Upon her arrival at the Palmer house Alice places herself near the front hall where guests are coming and going. But the society set do not even realize that she is there. At every turn, Alice attempts to make awkward conversation with her peers, but they are oblivious to her fragile need to fit in. This is perhaps the most finely wrought scene in the entire film, one illuminating with painful clarity Alice’s inner desperation and crippling insecurities. Walter, who has sneaked off to schmooze with the hired help, inadvertently lands himself in hot water after he is discovered by Mrs. Palmer shooting craps in the kitchen with her servants.
Meanwhile Alice has fixed her romantic sites on Arthur. Mrs. Palmer encourages Arthur to ask Alice to dance. He does so, though mostly out of cordial politeness. At first, Alice misperceives this as a gesture that he likes her. She is reawakened from this fantasy after Walter is quietly asked to leave the party, forcing Alice to realign her loyalties with her brother and go home. The evening in ruins, Alice retreats to her bedroom in shame. She lies to her father, who has waited up for her, about having a wonderful time at the party, then locks herself away to weep, augmented by Robert De Grasse's brilliant cinematography that mingles Alice’s tears with the light spatter of rain poetically falling just outside her window.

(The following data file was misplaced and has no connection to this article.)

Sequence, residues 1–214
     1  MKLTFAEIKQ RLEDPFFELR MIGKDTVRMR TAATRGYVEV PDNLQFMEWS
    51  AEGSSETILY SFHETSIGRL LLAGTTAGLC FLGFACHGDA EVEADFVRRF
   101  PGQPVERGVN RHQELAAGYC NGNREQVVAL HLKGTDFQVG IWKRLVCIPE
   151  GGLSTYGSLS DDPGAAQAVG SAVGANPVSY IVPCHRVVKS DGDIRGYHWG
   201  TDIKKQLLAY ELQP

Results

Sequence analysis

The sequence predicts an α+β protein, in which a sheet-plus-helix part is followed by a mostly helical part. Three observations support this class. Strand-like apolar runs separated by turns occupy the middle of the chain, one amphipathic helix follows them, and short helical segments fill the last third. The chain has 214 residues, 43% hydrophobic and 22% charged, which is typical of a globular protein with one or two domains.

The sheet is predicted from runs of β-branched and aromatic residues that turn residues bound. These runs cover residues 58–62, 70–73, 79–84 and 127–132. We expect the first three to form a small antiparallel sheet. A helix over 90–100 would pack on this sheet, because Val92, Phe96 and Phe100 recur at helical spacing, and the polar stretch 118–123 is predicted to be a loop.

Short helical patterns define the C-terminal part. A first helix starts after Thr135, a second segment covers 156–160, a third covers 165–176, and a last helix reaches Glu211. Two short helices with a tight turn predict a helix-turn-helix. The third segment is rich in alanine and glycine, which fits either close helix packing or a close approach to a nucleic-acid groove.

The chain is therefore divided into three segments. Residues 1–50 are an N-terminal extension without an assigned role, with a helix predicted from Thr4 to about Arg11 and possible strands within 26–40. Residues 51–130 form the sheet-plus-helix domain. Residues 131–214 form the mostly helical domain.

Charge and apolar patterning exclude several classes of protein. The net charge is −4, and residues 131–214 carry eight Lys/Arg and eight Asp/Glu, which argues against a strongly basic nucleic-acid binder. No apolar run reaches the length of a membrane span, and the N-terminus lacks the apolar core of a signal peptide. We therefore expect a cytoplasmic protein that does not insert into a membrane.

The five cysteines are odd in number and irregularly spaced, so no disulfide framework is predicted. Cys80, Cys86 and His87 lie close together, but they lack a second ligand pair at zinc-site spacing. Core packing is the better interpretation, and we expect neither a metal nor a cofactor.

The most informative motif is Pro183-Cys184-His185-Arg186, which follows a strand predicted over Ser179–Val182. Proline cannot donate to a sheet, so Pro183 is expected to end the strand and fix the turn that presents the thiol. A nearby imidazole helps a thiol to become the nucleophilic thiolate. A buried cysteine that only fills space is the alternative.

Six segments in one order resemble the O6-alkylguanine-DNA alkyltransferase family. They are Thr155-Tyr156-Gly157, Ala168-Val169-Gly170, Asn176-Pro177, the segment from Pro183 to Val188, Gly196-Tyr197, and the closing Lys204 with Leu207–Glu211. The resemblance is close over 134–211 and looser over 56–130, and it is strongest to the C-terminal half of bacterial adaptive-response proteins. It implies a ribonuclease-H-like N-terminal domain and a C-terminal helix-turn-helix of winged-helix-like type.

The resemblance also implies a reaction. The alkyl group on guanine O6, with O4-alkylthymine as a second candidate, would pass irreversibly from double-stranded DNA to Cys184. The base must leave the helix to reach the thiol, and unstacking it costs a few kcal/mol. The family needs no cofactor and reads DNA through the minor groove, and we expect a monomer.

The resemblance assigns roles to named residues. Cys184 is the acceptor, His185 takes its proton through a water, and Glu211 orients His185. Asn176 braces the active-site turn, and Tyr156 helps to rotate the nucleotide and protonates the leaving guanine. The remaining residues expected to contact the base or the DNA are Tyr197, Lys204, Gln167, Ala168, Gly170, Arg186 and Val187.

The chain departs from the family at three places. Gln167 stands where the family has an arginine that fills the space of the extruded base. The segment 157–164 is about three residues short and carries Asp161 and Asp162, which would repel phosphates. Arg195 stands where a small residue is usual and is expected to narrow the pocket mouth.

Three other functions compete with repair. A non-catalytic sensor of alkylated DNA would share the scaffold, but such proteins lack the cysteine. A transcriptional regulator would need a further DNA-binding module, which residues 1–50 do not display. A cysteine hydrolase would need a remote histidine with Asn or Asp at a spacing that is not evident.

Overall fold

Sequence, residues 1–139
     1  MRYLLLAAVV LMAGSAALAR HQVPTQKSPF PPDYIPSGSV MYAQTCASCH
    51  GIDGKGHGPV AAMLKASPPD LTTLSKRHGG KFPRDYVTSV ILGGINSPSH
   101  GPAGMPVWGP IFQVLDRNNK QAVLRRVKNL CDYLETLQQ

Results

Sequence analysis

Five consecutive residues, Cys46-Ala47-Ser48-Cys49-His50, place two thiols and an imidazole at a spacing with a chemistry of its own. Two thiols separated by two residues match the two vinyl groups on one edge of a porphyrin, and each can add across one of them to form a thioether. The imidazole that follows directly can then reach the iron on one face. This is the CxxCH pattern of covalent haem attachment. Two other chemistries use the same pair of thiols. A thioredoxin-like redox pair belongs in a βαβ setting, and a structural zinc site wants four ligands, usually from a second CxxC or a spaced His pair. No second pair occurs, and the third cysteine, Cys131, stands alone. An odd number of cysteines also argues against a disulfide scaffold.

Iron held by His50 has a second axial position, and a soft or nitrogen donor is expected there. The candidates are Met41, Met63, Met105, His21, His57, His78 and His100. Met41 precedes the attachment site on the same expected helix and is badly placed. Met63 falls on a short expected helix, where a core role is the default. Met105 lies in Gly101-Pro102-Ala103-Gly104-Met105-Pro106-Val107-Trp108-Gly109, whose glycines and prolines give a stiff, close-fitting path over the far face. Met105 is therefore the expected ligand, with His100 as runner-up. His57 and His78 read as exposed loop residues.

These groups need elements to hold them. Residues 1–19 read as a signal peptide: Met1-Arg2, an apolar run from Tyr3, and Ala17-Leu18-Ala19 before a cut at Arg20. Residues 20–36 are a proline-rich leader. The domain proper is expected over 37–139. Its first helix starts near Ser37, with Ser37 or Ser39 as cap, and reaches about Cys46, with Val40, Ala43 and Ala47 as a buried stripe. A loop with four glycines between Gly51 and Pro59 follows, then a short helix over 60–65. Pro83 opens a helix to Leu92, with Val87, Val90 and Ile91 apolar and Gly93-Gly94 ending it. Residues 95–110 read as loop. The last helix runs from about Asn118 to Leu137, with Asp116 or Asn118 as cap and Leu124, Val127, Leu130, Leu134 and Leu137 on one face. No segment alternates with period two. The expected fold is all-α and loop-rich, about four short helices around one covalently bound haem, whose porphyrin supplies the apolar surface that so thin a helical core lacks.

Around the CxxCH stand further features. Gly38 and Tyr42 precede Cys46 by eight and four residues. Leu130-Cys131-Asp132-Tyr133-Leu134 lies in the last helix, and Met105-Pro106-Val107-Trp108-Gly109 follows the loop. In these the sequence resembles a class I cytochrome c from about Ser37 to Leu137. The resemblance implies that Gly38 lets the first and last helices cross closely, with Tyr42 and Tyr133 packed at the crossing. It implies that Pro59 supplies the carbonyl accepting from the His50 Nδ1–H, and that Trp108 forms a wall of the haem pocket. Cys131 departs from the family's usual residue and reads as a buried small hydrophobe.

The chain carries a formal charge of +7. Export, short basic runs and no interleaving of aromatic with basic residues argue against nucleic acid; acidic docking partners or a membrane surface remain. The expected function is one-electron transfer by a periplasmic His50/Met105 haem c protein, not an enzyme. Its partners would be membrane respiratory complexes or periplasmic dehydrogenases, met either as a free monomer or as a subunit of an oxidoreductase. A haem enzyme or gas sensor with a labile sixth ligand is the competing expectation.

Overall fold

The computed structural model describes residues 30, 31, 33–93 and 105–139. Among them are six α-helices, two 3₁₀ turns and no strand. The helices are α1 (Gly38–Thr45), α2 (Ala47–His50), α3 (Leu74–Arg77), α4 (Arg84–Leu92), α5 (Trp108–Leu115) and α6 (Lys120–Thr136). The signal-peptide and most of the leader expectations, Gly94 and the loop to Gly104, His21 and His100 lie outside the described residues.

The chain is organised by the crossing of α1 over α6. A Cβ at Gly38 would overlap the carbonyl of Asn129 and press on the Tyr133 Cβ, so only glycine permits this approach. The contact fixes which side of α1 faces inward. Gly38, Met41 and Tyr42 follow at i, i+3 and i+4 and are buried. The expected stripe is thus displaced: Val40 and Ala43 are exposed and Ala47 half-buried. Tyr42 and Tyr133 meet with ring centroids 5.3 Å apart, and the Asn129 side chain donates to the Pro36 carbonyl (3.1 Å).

To Alice's great good fortune Arthur comes calling the next afternoon - mildly ashamed of the way he and his friends have behaved the night before. To entice Arthur to her side Alice decides to invite him to dinner, then sets about transforming the family's modest dining room into a den of culture, elegance and refinement. This last act in the film is played strictly for laughs - a rather curious, but salvageable shift in pacing and mood as Arthur arrives for dinner to find the modest home suddenly abuzz with 'piss elegance'.
In Tarkington's original novel, Arthur has come to dinner merely to be entertained by the family's modest attempts at what they misperceive to be cultural refinement. He knows that the event is being staged entirely for his benefit, including the hiring of Malena Burns (Hattie McDaniel) as their maid. These gestures the Arthur of the novel finds both idiotic and utterly laughable. However, in the film, Arthur is genuinely touched by all the effort Alice has gone to simply to impress him.